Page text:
This is a red-tailed tropicbird—koa’e’ula to Hawaiians and Phaethon rubricauda rothschildi to scientists. At Kilauea Point National Wildlife Refuge, we (or, at least I), call these seabirds, “Valentine’s Birds.” For two reasons: 1) They arrive at the refuge in early February, around Valentine’s Day, every year; and 2) Their tail feathers and bill are painted a striking red.
Here, one red-tailed tropicbird is mid-flight, about to fly backwards. That’s right. Backwards. Three-and-a-half-feet of wingspan in reverse. It’s part of the migratory bird’s courtship ritual, which can involve five or six birds at one time. It also involves quite a bit of raucous squawking. If you’re at the refuge between February and November and an annoying ruckus is taking place above your head, chances are good it’s a couple—or more—red-tailed tropicbirds doing their thing.
Right now, the breeders are doing their thing by sitting on and feeding their chicks in scratched out hollows or crevices on steep hillsides or vertical cliffs. They started hatching in late May and will not fledge for 90 to 100 days, give or take a day or three. They return about four years later to breed. The squawkers overhead are still dating. Hence, the dancing and hoarse singing.
Red-tailed tropicbird are found, as the name implies, in tropical locales around the world, including the Indian Ocean and Central Pacific Ocean. In the main Hawaiian Islands, they can be seen at Kilauea Point National Wildlife Refuge—where I volunteer as a docent on Friday afternoons, so stop by and say hi—and Oahu.
Now’s a good time to see red-tailed tropicbirds, especially at the refuge. They’re flying overhead. They’re squawking. And a few chicks on nests can be seen from one of Kilauea Point’s lookouts. What’s more this weekend is fee-free. You can thank President Obama for that. As part of the Obama Adminstration’s America’s Great Outdoors initiative, all national parks, national wildlife refuges and many other areas managed by the Bureau of Land Management are closing their fee booths and throwing open their doors on Saturday, June 5th and Sunday, June 6th. So get outside. At the very least, go for a walk or a hike. And let me know about it. Wherever you go, whatever you do. I’d like to hear about your adventure.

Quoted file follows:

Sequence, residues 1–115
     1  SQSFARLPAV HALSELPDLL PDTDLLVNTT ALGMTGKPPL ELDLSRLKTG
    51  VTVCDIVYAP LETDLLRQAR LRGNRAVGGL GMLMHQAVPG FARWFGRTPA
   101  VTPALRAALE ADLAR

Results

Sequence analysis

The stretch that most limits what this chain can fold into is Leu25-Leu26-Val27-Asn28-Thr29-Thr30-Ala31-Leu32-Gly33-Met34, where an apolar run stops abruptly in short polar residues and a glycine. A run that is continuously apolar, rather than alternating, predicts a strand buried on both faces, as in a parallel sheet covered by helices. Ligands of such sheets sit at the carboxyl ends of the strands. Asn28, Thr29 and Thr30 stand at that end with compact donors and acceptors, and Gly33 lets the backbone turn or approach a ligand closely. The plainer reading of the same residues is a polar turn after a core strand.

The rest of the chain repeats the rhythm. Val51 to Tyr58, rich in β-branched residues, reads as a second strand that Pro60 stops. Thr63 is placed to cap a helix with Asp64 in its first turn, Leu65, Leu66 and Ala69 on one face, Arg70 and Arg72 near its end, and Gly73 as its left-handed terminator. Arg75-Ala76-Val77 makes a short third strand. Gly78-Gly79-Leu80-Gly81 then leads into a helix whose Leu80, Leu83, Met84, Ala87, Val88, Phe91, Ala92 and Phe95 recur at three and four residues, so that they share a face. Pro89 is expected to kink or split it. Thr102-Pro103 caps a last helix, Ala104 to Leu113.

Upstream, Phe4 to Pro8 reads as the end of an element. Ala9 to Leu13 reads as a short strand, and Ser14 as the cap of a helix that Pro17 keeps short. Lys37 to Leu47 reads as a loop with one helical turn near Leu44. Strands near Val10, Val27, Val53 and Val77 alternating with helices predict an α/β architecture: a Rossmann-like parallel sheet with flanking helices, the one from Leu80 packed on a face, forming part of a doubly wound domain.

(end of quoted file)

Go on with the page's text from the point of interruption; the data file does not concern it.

Here is a list of national parks and wildlife refuges in Hawaii:
James Campbell National Wildlife Refuge
Oahu Forest National Wildlife Refuge
Pearl Harbor National Wildlife Refuge
Haleakala National Park
Kakahaia National Wildlife Refuge
Kealia Pond National Wildlife Refuge
Hanalei National Wildlife Refuge
Huleia National Wildlife Refuge
Kilauea Point National Wildlife Refuge
Hawaii Volcanoes National Park
Kaloko-Honokohau National Historical Park
Pu’uhonua O Honaunau National Historic Park
Hakalau Forest National Wildlife Refuge